By Elizabeth Malloy, San Diego Source, The Daily Transcript
Federal stimulus money is helping to jump start an affordable housing complex near Downtown San Diego, after financing stalled for the building last winter.
The Cedar Gateway building, located at the corner of Sixth Avenue and Cedar Avenue, is receiving more than $14 million in funding from the American Recovery and Reinvestment Act through the state of California.
The building will have 65 units, including 42 family units, and 23 “supportive” units for people who need assistance due to poor mental health.
“We wore some pretty long faces around January and February, ” said Gary Squier, president of Squier Properties, which is co-developing the building with ROEM Development. “And then something amazing happened: The federal government stepped up.”
Jonathan Emami, vice president of the ROEM Corp., the parent company of ROEM Development, said that the building was originally going to be financed with money from the San Diego Redevelopment Agency and the Centre City Development Corp. with 9 percent tax credits.
After the economy took a tumble last fall, those 9 percent tax credits became harder to come by, Emami said, and financing was harder to find.
Through the Recovery Act, the US Department of Housing Urban Development (HUD) was able to provide exchange dollars for those tax credits.
“We’re able to move forward now and the project hopefully will start some time in October,” Emami said.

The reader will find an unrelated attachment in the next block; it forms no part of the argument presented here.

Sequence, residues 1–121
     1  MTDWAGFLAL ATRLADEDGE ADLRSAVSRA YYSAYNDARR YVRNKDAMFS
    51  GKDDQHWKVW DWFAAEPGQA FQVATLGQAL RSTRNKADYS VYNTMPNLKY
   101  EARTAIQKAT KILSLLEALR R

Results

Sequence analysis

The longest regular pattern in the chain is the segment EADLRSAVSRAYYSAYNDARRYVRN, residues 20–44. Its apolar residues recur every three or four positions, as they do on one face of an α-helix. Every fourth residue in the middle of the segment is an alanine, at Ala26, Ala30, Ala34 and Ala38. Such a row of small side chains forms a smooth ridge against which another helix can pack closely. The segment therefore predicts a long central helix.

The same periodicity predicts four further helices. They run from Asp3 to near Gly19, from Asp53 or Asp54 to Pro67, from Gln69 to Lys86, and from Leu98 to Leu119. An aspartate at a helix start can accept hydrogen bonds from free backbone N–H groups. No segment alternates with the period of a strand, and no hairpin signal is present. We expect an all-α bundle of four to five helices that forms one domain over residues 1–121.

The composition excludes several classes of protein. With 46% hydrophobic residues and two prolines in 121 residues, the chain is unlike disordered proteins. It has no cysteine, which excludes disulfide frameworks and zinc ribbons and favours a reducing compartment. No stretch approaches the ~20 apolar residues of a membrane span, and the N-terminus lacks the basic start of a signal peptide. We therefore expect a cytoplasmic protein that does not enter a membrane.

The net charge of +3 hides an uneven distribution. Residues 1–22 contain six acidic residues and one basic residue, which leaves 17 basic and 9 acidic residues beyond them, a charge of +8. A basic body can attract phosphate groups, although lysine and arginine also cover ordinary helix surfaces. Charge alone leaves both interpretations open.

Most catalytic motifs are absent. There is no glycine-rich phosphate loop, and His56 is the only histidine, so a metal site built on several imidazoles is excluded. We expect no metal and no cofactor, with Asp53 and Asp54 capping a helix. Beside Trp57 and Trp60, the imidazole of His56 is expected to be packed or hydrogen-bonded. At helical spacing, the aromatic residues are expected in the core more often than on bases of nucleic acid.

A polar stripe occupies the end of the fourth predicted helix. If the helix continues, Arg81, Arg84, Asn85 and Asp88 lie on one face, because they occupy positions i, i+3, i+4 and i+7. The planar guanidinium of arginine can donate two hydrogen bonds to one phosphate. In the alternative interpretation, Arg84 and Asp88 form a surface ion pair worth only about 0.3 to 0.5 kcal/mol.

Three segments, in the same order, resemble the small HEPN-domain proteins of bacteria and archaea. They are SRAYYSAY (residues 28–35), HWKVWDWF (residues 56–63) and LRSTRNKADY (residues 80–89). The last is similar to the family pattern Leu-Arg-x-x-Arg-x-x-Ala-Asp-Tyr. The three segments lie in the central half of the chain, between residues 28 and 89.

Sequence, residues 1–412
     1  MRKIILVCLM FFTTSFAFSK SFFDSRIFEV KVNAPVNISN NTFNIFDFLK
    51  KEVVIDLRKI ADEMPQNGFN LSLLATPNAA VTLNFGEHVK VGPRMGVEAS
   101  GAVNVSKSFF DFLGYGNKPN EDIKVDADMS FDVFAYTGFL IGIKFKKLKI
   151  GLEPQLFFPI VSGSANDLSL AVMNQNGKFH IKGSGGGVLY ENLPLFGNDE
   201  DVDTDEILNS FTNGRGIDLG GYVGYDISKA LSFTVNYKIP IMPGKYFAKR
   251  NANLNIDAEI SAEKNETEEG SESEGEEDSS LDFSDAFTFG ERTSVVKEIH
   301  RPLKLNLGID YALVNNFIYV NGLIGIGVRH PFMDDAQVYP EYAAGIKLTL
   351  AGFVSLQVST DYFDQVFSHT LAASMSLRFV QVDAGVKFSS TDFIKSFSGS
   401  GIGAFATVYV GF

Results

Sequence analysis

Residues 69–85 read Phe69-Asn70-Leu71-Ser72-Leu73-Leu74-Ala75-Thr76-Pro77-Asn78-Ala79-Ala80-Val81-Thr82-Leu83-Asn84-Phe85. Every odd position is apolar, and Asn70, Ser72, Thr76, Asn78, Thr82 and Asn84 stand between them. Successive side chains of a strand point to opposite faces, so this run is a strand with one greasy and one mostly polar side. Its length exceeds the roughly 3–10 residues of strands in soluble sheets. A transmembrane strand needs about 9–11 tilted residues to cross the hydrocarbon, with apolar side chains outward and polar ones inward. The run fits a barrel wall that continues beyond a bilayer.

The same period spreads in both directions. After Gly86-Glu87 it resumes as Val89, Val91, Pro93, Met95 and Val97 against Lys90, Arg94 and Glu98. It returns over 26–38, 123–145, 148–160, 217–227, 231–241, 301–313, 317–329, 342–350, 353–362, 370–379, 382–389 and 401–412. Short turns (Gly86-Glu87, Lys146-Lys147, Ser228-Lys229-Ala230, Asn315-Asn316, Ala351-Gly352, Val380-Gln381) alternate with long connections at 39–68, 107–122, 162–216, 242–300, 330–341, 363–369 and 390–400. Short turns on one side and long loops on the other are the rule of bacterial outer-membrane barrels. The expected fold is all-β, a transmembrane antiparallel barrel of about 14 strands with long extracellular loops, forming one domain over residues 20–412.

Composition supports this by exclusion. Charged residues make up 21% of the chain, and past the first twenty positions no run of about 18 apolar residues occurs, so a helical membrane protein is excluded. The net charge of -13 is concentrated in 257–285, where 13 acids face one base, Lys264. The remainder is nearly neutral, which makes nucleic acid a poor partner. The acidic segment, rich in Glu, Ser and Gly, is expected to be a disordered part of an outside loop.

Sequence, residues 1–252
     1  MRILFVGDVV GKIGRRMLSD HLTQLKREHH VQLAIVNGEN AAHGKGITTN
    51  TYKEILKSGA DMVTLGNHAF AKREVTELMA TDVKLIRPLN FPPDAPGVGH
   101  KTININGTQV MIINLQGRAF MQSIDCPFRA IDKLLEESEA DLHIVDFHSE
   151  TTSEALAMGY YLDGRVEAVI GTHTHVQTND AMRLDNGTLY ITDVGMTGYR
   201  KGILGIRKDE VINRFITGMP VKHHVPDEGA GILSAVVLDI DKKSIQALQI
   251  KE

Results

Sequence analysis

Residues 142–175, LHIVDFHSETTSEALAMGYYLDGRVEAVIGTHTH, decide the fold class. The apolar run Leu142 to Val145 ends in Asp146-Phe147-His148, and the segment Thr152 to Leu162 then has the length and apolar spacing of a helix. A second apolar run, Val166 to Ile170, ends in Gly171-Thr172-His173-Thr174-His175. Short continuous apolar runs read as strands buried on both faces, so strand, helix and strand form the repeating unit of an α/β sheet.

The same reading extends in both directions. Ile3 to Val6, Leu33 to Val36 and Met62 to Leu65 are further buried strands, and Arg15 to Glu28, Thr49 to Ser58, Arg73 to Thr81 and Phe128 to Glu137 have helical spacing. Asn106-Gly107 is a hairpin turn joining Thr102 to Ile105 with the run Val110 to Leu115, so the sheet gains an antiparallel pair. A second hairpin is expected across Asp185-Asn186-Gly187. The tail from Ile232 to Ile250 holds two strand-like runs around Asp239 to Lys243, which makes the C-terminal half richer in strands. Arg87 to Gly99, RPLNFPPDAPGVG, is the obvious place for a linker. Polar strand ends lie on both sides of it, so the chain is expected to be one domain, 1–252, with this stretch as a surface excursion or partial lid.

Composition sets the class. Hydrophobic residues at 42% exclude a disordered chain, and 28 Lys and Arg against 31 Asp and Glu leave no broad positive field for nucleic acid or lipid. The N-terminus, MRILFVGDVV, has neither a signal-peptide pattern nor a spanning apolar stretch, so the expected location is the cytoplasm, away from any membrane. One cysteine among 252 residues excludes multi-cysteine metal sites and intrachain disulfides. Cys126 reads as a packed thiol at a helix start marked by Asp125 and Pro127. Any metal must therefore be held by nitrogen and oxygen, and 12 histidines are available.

Cedar Gateway is among the first affordable housing projects in the country to receive actual money from the Recovery Act, according to local HUD officials.
In addition to housing, the building will also have 4,300 square feet of retail space.
To qualify for affordable housing, residents need to make 60 to 30 percent of the median income of the surrounding area, which could anywhere from $20,000 to $45,000 a year for a family of four.
To qualify for the supportive housing units, which are mostly one-bedroom apartments, residents must suffer from mental illness.
Local advocates said those units would hopefully help people who are often forced onto the streets due to their psychiatric disabilities.
Squier said that the developer has taken safety concerns into their design and management plans.
The building will have an on-site manager, a front desk that checks
to make sure everyone who enters lives there, and the residents in the supportive housing units will have social workers helping them.
He said anyone who is considered dangerous to the other residents would be evicted.
“I’m building a $30 million asset, and we’re going to protect it,” he said.
Once the property is complete, Squier and ROEM plan to use FPI Management Co. to manage the building. The units will be for rent.
Silber Architects is designing the building.
Though the housing market is as low as its been in years and there are tax incentives for first time buyers, San Diego City Council President Ben Hueso said that there is still a need for affordable housing, particularly because financing is so hard to come by right now.
“We’re addressing kind of a different affordable housing need than we were a few years ago when prices were high but there were banks available,” he said. “This is a $33 million project with only about $2 million of private financing. Banks are not going anywhere near projects, even one like this that has such strong government confidence.”